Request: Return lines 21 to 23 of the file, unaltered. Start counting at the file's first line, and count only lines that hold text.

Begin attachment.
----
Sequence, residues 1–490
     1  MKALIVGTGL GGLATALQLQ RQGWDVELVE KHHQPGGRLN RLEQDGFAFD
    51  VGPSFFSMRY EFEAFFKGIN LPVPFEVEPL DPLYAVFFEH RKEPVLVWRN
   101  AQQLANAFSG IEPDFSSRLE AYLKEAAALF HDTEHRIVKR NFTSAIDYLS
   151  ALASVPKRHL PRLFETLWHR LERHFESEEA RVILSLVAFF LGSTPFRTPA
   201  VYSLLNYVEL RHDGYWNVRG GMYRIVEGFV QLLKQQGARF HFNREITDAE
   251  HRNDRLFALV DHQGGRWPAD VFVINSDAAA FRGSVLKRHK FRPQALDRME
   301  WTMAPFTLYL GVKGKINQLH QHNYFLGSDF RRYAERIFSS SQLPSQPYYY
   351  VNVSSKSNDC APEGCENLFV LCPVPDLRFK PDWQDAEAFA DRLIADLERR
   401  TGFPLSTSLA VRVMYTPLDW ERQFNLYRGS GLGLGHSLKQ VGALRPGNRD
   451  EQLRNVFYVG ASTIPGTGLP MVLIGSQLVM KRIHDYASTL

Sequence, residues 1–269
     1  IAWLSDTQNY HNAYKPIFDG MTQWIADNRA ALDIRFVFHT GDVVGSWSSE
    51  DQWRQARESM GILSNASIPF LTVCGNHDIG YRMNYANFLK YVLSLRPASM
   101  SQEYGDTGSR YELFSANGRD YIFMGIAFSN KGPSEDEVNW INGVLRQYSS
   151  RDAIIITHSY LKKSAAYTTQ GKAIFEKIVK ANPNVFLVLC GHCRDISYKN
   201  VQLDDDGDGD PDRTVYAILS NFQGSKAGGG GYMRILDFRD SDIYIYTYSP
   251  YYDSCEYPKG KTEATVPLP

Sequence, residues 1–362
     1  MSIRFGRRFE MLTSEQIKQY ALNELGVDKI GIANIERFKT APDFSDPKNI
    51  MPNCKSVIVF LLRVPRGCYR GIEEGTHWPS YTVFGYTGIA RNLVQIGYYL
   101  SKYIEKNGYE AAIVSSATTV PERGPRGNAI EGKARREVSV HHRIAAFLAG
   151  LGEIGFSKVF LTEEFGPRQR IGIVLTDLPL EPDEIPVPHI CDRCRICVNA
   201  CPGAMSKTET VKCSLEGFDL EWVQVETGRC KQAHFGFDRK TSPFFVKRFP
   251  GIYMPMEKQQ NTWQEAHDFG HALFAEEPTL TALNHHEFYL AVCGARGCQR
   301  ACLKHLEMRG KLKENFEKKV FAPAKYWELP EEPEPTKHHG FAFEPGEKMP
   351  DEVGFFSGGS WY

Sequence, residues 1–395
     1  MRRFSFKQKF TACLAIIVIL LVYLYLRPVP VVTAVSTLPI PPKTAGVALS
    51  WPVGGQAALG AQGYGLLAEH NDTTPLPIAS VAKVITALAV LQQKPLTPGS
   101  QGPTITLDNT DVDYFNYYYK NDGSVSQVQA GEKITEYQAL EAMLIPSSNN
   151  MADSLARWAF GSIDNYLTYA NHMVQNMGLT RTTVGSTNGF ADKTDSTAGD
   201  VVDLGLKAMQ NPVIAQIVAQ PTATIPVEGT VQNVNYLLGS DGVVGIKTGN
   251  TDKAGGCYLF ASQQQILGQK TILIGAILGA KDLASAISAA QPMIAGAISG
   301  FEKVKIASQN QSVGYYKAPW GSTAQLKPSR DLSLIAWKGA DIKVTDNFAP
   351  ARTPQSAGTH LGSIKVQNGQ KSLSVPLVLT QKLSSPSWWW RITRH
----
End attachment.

    51  MPNCKSVIVF LLRVPRGCYR GIEEGTHWPS YTVFGYTGIA RNLVQIGYYL
   101  SKYIEKNGYE AAIVSSATTV PERGPRGNAI EGKARREVSV HHRIAAFLAG
   151  LGEIGFSKVF LTEEFGPRQR IGIVLTDLPL EPDEIPVPHI CDRCRICVNA